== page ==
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Saturday, June 2, 2012

You Can’t Bleach Autism Out of a Child

From Care2 Make a Difference - www.care2.com

NOTE: The FDA has issued a warning to parents to avoid Miracle Mineral Solution (MMS).

By Kristina Chew
May 26, 2012

Since my teenage son Charlie was diagnosed with autism almost 13 years ago in July of 1999, we have heard of too many “remedies,” “treatments” and “cures” for autism to count. Most have promised miraculous results; pretty much all are presented by their practitioners as “science-based”; many are on a collision course with what any of us would do to treat any condition.

The most recent, and one of the most mind-boggling, treatments we have heard of is bleach. Yes, that very substance you perhaps use as a household cleanser is being discussed now as a treatment that “recovers” children from autism, at a conference called Autism One.

Bleach Enemas As a “Treatment” For Autism

Autism One is an annual conference whose stated mission is to educate “parents, professionals, and the public about the care, treatment, recovery and prevention of autism and related disorders by making critical information available through new channels as well as traditional ones.” Educational therapies (such as behavior, speech and occupational therapy) and medication (antipsychotics, antidepressants and others ) would be considered “traditional” while the “new channels” referred to tend to be in the area of experimental biomedical treatments, often drawn from complementary and alternative medicine.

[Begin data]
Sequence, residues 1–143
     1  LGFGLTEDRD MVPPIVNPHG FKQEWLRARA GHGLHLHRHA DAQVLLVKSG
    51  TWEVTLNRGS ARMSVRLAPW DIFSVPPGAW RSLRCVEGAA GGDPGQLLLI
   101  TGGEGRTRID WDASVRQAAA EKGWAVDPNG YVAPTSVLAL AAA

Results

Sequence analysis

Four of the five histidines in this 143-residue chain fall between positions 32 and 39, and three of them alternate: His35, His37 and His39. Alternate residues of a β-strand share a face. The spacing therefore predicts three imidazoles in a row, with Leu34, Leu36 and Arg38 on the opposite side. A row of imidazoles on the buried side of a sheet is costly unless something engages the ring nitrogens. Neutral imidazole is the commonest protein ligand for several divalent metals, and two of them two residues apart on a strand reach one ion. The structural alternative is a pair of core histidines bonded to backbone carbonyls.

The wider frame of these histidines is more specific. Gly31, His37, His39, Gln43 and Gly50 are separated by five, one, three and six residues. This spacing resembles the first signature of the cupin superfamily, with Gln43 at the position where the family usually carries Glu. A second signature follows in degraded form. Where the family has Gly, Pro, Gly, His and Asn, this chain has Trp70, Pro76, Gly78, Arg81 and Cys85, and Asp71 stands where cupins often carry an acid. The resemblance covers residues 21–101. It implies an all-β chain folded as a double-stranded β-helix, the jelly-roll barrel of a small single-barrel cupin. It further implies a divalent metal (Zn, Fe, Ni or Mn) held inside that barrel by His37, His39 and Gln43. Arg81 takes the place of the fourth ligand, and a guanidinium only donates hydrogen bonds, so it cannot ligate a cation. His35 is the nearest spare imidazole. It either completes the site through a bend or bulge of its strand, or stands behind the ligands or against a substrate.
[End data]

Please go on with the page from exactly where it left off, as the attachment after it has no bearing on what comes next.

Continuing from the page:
One speaker, Kerri Rivera, says that 38 children recovered from autism in 20 months via Miracle Mineral Solution (MMS), a treatment she offers at her clinic, AutismO2 Clinica Hyperbarica, in Puerto Vallarta, Mexico. As science blogger Orac writes after reviewing the clinic’s website, MMS “in essence, is industrial strength bleach, 28% sodium chlorite in distilled water.”

Orac continues:

It is frequently diluted in acidic juices, such as orange juice, resulting in the formation of chlorine dioxide, which is, as the FDA characterized it, “a potent bleach used for stripping textiles and industrial water treatment.” According to its proponents, MMS can cure almost anything: cancer, AIDS, and just about any other serious disease you can imagine. Never mind that there is no biological plausibility and no evidence, either preclinical or clinical, that MMS can do what its proponents claim it can do. True, bleach can kill bacteria or cancer cells in a dish at a high enough concentration, but that doesn’t mean it’s a useful antibiotic or chemotherapeutic agent.

From her website, it seems that Rivera “treats” autistic children by giving them MMS by mouth and by enema, as well as recommending that they bathe them in it.

As Orac says of this very questionable treatment using industrial chemicals, “if there’s any form of quackery out there, someone, somewhere will be using it on autistic children.”


Recovery from Autism vs. Autism as Lifelong

Besides bleach, autism treatments we have heard of over the years include fecal implants, far-infrared sauna therapy, camel’s milk (on this year’s Autism One agenda) and chemical castration using the drug lupron.

Be critical of such treatments (as I am doing here) and you will find yourself harshly critiqued for denying hope to others and for not being yourself willing to “do everything to help your child.”